(Image source: https://www.kernel-sesias.net/software-defined-perimeter-brings-trusted-access-to-multi-cloud-applications-network-resources/)

Security Properties of SDP’s Architecture
When you correctly implement all three of these features, the SDP architecture can provide great and unique property for your security system. These features are listed below.

1) Hiding Information
There is no DNS information, nor are there any visible ports within protected application infrastructure. Because of this, assets that are protected by SDP are called “dark” assets because they cannot be discovered, even if you scan for them.

2) Pre-Authentication
The identity of the device attempting access will always be verified before they are granted a connection. The identity of the device will be confirmed using an MFA token which will either be embedded in the TCP or the mutual TLS architecture.

3) Pre-Authorization
Users in an SDP system are only given access to servers that they need to access because of their role. The system used to confirm identity will communicate the authorizations of the user to the SDP Controller. This is carried out using a SAML assertion.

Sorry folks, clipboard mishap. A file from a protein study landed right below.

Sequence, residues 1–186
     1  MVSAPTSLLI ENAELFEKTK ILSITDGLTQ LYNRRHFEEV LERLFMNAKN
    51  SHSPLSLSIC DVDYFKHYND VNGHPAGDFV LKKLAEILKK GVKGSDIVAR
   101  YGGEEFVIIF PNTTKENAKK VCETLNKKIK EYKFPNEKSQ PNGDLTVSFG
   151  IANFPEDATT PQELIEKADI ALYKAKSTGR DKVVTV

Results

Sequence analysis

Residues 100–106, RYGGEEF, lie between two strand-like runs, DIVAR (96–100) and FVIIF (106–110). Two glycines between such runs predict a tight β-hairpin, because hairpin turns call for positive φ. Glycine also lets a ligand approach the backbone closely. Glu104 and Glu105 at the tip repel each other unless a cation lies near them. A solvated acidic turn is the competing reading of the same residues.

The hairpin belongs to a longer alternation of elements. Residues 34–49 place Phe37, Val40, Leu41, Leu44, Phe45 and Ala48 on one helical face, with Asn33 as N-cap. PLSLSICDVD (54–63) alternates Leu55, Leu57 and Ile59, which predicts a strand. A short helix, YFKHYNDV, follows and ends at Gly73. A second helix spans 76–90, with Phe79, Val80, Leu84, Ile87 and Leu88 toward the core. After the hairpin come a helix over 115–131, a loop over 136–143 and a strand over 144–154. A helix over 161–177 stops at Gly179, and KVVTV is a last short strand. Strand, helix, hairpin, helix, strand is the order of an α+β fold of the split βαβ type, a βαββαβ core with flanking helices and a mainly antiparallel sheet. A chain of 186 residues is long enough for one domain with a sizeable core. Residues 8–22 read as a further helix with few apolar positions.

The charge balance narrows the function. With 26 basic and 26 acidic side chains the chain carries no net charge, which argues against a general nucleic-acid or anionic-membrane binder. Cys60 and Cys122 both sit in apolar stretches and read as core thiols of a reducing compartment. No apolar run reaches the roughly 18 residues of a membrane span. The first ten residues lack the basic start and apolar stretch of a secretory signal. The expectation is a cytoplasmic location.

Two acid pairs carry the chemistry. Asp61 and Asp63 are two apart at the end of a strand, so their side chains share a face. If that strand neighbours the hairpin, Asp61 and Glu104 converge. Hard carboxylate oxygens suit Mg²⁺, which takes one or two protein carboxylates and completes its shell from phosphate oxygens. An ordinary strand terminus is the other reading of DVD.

4) Application Layer Access
Even when a user is granted access to the application, this will only be on an application level and not on a network level. The SDP will also whitelist certain applications on the device that the host is using, which helps to keep system communications on an app-to-app level.

5) Extensibility.
The architecture of SDP is created on the back of various different standards-based parts. These include mutual TSL, SAML, and Security Certificates. Due to being made up of standard-based parts, the SDP architecture can easily be linked and integrated with other types of security systems, including data encryption systems and remote attestation systems.

Through the combined use of pre-authentication with pre-authorizations businesses can create networks that are invisible to unidentified hosts, whilst only providing the essential permissions to known-users, based on their organizational role.

One of the key parts about SDP is that the pre-authentication and pre-authorization need to occur before a TCP connection is granted between the user and the protected application.

As well as this, authorized users will only be granted permissions for certain applications to ensure that compromised devices cannot move laterally across the network.